How to Pass the 11+ examination
I firmly believe in the saying: Failure to prepare is preparing to fail. I also say that preparing your child for 11+ success is like building a house: you must dig out and prepare the foundations first before you can start laying the bricks otherwise the house will crumble and eventually fall down.
Even if you do not employ the services of a tutor there is an enormous amount that you can do to help your child get ready for the 11+. It is an unfortunate fact that many families simply cannot afford the services of a tutor but what I can say is that I am passionate in spreading the word regarding what you can do for your child either for free or on a shoestring.
Endless hours of tuition is no guarantee for success as, ultimately, your child will sit the test on their own. I have always said that tuition does not begin and end with the hour I am with a child. All I can do is offer guidance in the hope that the child [and their family] will take on the challenge and put in 100% effort to achieve success.
As a tutor, I have reviewed a number of textbooks and found that the Bond and Schofield & Sims series of books are excellent for ongoing learning. The Bond books offer a broad range of questions and allow you to chart your child’s progress, challenge your child and they are specifically geared towards preparing your child for 11+ success.
The Schofield & Sims books are also a really useful source of Mental Arithmetic tests which assist a child’s development in a positive, progressive way.
The Holistic Approach to Preparing Your Child for 11+ Success – Physical preparation for the 11+ – Exercise and Diet
We live in an age of ‘instant gratification’ where children expect to be entertained by either someone or something.
Long gone are the days when children would voluntarily sit down with a book and read for pure entertainment. Finding such a child is a rarity indeed! It is considered ‘normal’ for most households to have an X-Box [or similar] and unfortunately these do not encourage children to get outside and be active or indeed develop an imagination in quite the same way as reading or creating a game of their own. This is because the images are presented to them on a television/computer screen and they have no need to ‘visualize’ the characters. Therefore, when preparing for the 11+ it is vital that such computer games are restricted so that other activities can be engaged in which do proactively encourage your child to think for themselves.
Exercise and play go hand in hand so it is important to create a balance in your child’s physical wellbeing. Too much studying can, of course, be as bad as too little. Furthermore, what you feed your child is also a vital consideration if you want your child to perform well.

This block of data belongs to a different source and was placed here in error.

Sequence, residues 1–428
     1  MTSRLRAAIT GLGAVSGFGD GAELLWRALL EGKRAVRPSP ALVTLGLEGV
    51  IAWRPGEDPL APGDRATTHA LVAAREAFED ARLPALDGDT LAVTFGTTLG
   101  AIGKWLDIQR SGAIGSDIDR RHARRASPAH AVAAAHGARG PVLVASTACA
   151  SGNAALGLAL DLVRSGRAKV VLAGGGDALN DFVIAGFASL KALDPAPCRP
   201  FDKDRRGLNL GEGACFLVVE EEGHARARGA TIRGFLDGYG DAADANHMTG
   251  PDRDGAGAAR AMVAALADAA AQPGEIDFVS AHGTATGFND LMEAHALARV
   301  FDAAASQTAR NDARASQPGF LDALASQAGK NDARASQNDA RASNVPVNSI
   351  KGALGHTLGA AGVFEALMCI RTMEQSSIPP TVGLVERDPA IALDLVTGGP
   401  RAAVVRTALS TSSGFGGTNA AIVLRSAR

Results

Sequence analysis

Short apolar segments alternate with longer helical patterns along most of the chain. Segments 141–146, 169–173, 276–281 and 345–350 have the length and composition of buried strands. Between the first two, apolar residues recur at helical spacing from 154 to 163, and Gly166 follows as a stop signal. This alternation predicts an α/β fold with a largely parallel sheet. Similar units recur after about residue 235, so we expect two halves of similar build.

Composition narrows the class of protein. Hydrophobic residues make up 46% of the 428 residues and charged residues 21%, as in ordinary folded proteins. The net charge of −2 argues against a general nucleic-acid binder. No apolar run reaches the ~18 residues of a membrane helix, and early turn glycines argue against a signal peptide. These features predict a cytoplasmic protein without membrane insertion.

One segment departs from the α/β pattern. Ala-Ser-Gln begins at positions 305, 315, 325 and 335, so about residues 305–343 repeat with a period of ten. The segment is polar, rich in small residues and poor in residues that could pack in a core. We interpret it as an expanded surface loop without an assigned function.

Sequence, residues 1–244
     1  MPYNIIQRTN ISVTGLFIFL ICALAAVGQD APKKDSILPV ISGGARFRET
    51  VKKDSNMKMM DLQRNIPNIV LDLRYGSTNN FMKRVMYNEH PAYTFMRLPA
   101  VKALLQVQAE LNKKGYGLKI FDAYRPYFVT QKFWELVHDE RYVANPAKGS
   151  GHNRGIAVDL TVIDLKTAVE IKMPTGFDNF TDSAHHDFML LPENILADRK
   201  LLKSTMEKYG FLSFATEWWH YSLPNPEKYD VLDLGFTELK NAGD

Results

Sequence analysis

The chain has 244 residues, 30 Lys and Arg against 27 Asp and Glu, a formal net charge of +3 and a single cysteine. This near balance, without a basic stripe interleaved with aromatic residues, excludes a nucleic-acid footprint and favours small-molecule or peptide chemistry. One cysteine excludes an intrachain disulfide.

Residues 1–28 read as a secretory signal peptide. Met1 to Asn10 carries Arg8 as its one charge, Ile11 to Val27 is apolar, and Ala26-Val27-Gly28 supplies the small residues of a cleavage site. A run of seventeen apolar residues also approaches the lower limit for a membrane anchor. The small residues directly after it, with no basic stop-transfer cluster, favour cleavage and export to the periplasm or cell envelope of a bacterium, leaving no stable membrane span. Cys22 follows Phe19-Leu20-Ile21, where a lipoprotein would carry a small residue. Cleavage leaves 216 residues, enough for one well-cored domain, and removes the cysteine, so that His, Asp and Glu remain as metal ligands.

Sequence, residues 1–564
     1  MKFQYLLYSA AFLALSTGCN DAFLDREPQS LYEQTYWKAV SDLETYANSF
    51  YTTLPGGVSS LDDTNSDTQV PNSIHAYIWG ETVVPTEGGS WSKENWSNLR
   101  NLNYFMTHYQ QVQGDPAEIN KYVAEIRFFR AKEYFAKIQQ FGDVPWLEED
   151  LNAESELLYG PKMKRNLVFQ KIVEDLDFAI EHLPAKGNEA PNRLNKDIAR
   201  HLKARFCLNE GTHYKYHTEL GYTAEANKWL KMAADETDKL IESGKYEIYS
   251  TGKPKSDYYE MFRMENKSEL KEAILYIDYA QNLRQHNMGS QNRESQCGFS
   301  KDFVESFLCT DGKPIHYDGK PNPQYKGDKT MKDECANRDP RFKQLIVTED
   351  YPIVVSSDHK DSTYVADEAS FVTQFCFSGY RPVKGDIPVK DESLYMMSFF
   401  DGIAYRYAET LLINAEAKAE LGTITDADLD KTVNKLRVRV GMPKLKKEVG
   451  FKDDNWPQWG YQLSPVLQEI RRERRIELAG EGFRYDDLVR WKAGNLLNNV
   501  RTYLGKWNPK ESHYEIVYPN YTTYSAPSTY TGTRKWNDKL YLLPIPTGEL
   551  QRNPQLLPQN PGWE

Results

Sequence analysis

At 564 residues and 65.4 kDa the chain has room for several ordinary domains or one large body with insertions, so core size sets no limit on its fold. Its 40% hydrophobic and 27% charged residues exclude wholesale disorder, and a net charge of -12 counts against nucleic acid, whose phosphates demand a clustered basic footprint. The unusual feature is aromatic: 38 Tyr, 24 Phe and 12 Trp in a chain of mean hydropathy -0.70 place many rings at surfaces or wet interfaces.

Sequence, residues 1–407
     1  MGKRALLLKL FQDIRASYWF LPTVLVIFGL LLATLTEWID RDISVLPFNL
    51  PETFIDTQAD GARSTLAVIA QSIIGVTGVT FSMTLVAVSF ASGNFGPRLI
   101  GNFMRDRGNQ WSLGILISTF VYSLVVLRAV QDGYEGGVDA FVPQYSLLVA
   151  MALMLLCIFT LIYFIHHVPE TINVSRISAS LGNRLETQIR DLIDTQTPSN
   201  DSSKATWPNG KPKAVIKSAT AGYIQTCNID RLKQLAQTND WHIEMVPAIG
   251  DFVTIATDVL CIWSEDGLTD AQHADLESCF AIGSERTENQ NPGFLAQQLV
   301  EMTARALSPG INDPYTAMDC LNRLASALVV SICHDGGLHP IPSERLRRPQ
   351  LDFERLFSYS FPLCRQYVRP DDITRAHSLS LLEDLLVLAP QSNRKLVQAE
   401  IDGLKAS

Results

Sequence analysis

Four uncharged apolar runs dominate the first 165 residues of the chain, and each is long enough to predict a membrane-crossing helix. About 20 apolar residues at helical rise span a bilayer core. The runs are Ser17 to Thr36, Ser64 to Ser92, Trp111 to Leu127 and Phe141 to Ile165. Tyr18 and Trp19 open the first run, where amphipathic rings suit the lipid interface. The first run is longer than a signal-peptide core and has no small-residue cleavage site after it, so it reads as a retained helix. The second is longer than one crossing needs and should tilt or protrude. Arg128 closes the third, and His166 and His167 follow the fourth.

It is certainly not my place to dictate what food is given to your child but what I am trying to get people to understand is that you need to have an awareness of what certain foods can do to your child. Sweets, sugar and fizzy drinks etc can all be included in their diet as occasional treats but please be mindful that certain additives can have a detrimental effect on your child’s body and brain functioning.
We have all heard about ‘E’ Numbers, artificial colourings and children who go ‘hyper’ after eating lots of sugar or misbehave and drive their parents round the bend. Concentration and brain functioning can be badly affected by these external food factors and it is wise to be mindful of this.
Mental preparation – Routine – The brain is like a muscle: If you don’t use it you lose it.
Long school holidays are wonderful for children but not so great for 11+ preparation. Regular practice is essential and your child needs to understand that doing a little bit of work on a regular basis will be beneficial to them. Emphasize that the short term pain of doing extra work can have longer term benefits. Ask them the following questions: –
1. Do you want to live a comfortable life?
2. Do you want to earn a decent salary?
3. Do you want holidays when you’re grown up?
4. Do you want to drive a nice car?
5. Do you want to live in a lovely house?
Most children will answer ‘yes’ to these questions and so, they need to take on board the hard lesson that life is not always fair. Hard work, excellent exam results and great schools do not guarantee you will have a wonderful life. However, you need to stress that they will certainly have a much higher chance of achieving a better standard of life if they work hard and understand that not everything will be handed to them on a silver platter.
Many children have an inbuilt expectation that they will always go on fantastic holidays, be taken to expensive theme parks, be given expensive presents etc without having any understanding of how those treats are paid for.
Understanding that life is a lot about hard work and mental application is an important milestone in your child’s development. The 11+ exam is part of that understanding because getting into a good school can open so many amazing opportunities. In any event, even if your child was unsuccessful in passing the 11+, they will still have learned a number of valuable life hack lessons that will assist them throughout their lives.
To you and your child’s success!
Rachel A Hill LLB [Hons]
Tel: 07407 643547
Twitter: https://twitter.com/StarTurnTuition / @StarTurnTuition
I also love to tutor people about earning extra income and gaining more ‘time freedom’. Do you need more money for school fees, holidays, treats etc but feel you don’t have time? Find out more about what I’m doing by clicking on this text!
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